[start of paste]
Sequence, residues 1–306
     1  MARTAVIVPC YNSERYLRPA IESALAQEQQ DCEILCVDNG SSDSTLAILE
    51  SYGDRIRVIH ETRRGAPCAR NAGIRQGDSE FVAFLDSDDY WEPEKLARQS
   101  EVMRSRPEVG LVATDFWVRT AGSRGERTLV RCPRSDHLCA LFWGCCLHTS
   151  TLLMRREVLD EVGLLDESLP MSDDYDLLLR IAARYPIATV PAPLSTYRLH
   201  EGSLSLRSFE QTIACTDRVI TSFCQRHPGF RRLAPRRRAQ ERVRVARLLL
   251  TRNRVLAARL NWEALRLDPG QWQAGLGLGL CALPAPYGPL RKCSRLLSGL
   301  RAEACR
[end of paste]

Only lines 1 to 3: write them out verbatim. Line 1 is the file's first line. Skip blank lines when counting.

Sequence, residues 1–306
     1  MARTAVIVPC YNSERYLRPA IESALAQEQQ DCEILCVDNG SSDSTLAILE
    51  SYGDRIRVIH ETRRGAPCAR NAGIRQGDSE FVAFLDSDDY WEPEKLARQS